check the drive out good. most of the work i've had to do to mine has been drive work.

        read though the AristoCraft forum. there are not that many pages. but a wealth of info lies in them.

        again. congrats on your new AristoCraft. you'll love it after ya get her on the water. + the fun of making it into what you want.

        oh, and ditto on what GA Boater says about AristoCraft. go to their website, aristocraftboats.com if ya call them, Bill is the son of the oem of AristoCraft. Scott is Bills son, so the grandson of the oem AristoCraft. his name was Claude. imho, there's is one of the best American entrepanuer success stories i've heard.
        + last i heard. seat covers still were available in red. I'd give them a call to see if that's still so. i don't know if the seats were in your mod idea. but these back to back seats in a Nineteen work great for fold out lounges. me and my better half sleep on them often. mighty comfy too.....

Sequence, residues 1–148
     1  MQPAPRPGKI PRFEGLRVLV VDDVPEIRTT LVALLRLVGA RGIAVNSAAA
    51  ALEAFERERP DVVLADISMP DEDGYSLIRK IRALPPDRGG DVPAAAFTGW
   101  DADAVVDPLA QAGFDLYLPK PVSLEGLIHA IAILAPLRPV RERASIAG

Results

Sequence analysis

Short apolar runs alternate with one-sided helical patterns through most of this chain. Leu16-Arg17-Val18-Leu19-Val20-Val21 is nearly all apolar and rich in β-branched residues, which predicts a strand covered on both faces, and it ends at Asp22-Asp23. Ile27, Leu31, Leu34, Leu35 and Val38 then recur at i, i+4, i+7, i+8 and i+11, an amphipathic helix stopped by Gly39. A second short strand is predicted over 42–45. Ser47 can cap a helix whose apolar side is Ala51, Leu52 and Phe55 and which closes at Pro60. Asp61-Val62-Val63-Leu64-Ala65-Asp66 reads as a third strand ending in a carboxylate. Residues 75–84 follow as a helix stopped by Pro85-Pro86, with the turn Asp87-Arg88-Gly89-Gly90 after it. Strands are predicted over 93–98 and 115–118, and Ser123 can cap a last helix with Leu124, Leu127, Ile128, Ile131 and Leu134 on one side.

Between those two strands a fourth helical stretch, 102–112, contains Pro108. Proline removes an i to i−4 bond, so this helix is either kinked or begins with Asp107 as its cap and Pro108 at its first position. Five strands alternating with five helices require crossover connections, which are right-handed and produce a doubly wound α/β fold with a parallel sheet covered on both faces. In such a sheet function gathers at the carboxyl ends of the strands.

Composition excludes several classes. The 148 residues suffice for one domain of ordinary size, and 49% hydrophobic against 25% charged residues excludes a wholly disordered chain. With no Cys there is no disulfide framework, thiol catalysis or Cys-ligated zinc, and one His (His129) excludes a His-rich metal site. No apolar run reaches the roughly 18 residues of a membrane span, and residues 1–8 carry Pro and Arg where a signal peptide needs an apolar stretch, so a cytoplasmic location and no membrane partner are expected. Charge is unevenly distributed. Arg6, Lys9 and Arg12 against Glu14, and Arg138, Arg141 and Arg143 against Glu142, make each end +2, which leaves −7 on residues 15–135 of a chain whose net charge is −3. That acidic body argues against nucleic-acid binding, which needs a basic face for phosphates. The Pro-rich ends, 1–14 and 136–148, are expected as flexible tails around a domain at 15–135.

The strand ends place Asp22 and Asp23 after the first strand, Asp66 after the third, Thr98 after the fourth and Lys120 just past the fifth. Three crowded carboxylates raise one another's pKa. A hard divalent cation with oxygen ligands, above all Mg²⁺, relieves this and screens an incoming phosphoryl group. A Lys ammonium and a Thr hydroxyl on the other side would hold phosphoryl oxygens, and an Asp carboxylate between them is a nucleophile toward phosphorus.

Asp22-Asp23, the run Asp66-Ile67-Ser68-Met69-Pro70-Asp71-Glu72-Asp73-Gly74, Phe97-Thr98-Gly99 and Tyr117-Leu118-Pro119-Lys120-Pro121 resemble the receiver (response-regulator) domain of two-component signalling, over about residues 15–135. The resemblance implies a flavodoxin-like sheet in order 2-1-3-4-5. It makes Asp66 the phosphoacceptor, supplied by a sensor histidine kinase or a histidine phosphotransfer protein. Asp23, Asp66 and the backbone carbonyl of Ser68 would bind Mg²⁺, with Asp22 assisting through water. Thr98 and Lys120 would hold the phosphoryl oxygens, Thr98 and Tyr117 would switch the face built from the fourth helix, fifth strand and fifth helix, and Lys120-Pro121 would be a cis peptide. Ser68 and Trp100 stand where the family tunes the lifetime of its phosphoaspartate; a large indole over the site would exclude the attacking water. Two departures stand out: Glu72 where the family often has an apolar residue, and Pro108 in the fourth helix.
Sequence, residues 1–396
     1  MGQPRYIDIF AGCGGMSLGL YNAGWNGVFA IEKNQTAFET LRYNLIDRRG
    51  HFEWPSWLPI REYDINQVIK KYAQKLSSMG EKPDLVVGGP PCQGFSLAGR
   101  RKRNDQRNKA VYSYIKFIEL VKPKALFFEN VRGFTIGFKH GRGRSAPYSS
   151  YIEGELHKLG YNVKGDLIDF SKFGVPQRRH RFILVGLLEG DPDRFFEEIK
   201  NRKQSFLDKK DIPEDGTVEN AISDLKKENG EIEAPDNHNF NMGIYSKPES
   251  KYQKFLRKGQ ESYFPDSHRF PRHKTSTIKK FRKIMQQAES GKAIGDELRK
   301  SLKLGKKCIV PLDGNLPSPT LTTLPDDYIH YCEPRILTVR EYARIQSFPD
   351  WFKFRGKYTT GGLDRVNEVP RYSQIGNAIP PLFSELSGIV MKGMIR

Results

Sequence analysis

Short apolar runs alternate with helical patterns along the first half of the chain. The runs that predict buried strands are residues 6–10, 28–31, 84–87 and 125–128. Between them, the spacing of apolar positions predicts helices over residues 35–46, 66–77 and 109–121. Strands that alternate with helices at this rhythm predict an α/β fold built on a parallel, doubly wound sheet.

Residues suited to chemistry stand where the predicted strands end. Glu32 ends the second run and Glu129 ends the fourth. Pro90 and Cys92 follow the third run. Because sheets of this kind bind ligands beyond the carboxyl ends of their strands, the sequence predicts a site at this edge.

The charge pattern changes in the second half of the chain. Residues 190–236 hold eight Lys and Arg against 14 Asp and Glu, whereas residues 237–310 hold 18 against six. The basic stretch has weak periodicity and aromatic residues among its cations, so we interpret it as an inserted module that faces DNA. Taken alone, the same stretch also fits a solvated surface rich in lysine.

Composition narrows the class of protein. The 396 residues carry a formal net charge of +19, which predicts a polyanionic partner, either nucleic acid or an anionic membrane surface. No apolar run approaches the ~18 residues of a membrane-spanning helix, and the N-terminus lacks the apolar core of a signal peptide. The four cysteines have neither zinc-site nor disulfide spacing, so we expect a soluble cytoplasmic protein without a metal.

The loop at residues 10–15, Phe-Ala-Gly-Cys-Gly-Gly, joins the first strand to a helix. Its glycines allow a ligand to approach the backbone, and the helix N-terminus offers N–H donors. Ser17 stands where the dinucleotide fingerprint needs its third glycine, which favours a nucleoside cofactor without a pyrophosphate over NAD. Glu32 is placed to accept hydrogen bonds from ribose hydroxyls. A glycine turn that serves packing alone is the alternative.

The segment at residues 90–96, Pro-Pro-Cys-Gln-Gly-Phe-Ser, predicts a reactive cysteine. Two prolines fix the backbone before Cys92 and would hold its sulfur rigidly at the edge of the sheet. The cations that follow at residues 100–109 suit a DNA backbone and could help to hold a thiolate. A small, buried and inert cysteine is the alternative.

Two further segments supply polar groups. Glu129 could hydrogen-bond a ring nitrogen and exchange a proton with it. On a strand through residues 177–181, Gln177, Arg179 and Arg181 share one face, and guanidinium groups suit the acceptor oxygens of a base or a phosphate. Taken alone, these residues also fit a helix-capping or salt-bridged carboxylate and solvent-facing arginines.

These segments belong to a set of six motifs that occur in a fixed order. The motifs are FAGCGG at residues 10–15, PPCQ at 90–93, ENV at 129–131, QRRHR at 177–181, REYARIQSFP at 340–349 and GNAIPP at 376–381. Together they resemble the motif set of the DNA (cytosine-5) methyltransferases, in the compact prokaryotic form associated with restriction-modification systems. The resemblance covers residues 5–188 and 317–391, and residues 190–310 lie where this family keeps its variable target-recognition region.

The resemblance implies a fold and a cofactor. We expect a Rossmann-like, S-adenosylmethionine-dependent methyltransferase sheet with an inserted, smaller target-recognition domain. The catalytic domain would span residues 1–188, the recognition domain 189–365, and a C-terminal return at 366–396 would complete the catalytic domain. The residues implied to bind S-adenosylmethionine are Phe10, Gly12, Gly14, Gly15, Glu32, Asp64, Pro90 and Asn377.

enjoy your new boat man!

        if ya got more questions just ask. as ya can see from the thread before this one. us Nineteen owners are just itchin to share what we know and found out about our boats with others...
        'Lime Time'
        1975 AristoCraft Nineteen
        Mercruiser 165hp (chevy 250 L6), MC-1 drive

        Comment


        • #5
          Adding to Ziggy's wood comments - The other wood is in the two deck hatches and a small triangular piece to blend the deck into the bow at the very front.

          So wood in the seats, two hatch covers, the bow filler and the small transom piece. The rest of the boat is fiberglass and poured flotation. They are a fairly heavy boat, but sturdy.
          BOAT SPECS FORUM HELP STARCRAFT FORUM SHOP iboats
          Please, no PM's (Private Messages) regarding boat/engine problems.
          That is what the forums are for.
          Only forum/moderator issues will be answered in PM's.